The Windsor Celebration will also be the occasion for launching ARC’s new internet portal religionsandconservation.org, enabling groups around the world to tell their stories through text, video, audio and pictures, and to be linked together to inspire others. On Wednesday, 4 November, after the Windsor Celebration has officially closed, some of the delegates will attend a public meeting for some 1,000 people at the Quaker Meeting House entitled: “Many Heavens: One Earth – Faiths, the Environment and Copenhagen”.
What experience has ARC had in this area?
In 1986 ARC’s now Secretary General Martin Palmer worked with WWF to create an historic event in Assisi in which five key faiths were invited to “come proud of what they believe and humble enough to listen to others” and discuss what they each believed about the human relationship with the environment. This meeting was one of the key moments in the beginning of an alliance between faiths and conservation (an area that then, for many people, was almost incomprehensible), and ten years later it led to the formal founding of ARC at a ceremony at Windsor. In 2000 ARC organised the groundbreaking Kathmandu Faiths and Nature event, with WWF, which led to the dedication of dozens of Sacred Gifts around the world. The Windsor event is the most significant event that ARC has organised, and it is the first time UNDP have partnered in this way with the faiths.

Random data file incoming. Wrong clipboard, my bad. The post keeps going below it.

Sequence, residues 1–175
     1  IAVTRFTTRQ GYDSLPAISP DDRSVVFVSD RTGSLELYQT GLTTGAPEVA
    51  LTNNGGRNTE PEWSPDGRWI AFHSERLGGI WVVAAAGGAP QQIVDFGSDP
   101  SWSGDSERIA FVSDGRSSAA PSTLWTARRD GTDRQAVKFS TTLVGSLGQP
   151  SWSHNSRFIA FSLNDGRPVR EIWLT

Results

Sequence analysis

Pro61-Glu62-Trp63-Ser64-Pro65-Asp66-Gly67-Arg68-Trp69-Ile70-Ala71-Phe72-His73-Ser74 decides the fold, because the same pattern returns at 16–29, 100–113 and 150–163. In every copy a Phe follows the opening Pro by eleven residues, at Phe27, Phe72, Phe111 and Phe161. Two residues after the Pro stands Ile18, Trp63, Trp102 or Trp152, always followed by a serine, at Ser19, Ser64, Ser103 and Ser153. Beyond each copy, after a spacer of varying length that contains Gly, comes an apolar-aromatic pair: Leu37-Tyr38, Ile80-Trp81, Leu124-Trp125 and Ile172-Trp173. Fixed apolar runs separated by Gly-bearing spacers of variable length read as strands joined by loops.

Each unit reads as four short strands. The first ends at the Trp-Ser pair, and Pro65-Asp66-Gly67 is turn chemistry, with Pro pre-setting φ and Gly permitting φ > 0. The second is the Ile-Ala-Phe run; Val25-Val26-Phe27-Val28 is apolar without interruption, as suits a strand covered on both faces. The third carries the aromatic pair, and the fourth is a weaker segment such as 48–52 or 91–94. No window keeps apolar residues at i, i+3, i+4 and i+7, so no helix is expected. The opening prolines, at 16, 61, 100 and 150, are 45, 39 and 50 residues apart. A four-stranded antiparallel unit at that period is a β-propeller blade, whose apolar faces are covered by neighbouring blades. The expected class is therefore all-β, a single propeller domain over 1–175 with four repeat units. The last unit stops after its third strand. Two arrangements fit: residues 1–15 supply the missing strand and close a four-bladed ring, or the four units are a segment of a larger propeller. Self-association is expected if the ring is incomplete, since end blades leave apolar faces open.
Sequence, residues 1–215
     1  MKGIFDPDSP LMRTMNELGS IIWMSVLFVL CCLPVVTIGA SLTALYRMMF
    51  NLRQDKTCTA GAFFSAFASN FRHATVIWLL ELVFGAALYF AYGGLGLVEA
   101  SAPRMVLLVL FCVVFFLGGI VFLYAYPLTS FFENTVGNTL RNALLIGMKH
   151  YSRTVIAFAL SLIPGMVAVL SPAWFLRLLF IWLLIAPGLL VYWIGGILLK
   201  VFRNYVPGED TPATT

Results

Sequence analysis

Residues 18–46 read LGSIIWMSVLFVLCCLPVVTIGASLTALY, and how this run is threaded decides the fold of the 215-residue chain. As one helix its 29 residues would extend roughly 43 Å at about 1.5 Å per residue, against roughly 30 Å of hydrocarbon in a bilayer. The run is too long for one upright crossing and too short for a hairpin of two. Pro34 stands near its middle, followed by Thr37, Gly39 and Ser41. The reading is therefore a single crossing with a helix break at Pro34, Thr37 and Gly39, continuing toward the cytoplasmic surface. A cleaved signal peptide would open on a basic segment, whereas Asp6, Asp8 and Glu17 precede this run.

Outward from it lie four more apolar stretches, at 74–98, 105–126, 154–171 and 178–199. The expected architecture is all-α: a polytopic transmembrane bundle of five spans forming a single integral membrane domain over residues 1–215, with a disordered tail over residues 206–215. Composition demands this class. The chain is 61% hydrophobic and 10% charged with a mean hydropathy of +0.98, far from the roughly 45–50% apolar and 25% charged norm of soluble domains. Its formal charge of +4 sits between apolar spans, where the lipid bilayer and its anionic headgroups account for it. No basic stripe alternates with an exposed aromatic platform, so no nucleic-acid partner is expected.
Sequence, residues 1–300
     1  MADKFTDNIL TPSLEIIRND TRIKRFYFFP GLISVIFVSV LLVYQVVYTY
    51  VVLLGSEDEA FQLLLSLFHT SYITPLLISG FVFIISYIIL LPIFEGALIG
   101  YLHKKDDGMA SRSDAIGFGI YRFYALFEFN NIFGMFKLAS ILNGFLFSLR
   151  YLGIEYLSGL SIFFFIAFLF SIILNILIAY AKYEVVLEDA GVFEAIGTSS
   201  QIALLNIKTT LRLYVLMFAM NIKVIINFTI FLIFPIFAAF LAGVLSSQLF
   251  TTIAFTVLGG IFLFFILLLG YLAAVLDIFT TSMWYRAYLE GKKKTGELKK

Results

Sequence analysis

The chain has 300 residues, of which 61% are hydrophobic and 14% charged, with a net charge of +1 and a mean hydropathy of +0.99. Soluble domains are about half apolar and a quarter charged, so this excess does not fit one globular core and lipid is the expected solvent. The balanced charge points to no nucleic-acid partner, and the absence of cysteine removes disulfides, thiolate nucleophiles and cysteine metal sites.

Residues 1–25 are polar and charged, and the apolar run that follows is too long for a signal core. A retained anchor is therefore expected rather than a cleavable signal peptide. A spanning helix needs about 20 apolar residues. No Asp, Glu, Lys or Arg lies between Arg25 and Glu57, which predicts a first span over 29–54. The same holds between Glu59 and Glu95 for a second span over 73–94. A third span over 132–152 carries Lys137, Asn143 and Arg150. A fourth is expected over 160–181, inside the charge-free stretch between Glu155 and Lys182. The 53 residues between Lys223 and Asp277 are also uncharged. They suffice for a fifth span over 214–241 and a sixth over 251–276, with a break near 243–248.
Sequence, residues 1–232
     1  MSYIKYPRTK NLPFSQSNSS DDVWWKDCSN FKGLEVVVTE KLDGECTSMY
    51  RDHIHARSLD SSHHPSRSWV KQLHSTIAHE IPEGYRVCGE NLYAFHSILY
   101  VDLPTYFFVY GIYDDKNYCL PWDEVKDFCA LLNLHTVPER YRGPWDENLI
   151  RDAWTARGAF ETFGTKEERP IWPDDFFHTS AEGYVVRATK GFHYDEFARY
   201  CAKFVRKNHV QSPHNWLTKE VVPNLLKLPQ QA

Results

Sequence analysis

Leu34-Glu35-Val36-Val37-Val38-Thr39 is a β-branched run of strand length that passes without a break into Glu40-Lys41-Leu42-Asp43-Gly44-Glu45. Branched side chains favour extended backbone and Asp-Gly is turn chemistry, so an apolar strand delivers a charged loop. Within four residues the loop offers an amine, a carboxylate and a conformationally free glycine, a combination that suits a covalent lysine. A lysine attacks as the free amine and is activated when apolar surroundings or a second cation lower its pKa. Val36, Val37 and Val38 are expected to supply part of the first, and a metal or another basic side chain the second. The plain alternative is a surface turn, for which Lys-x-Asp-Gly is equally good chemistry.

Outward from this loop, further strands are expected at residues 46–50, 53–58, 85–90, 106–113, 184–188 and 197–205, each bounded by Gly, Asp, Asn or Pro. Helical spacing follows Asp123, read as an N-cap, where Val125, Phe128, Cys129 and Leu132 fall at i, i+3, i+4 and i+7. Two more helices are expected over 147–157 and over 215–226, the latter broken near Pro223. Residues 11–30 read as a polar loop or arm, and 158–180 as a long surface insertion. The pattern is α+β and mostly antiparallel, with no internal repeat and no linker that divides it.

Why are people flying in from overseas to a meeting which is about reducing carbon emissions?
This question has been at the core of our thinking. Firstly, where it is appropriate – for example, with the Jesuits and many from the secular world – we have invited UK-based people to be representative of a worldwide movement. We have also reduced our own travel budget by holding this in the UK rather than overseas.
If you think that international flights are the worst possible contributors to the deterioration of the natural environment, then perhaps it makes sense just to cut them. But if you think there are other factors involved in climate change and protecting the natural environment, and that these factors need to be discussed as part of a long-term strategy which involves cutting down travel but also examining many other areas, then travel is needed as part of the process of change.
We, and many of the faiths, are arguing for travel to be done mindfully, but not for it to be not done at all. ARC has in the past three years cut its travel by half; however, much of our work is about bringing people together and sometimes that has to involve bringing people together physically.
We have offset all the carbon emissions – and more – generated through flights for this Celebration through supporting tree nurseries and planting by Christian- and Buddhist-run projects in Zambia and Sri Lanka.
In addition, all food at the conference will be vegetarian and free-range, most will be local, organic and fair-trade. The lunch at Windsor Castle itself will be vegan – the first time that the Castle caterers have organized a vegan meal for a Royal banquet.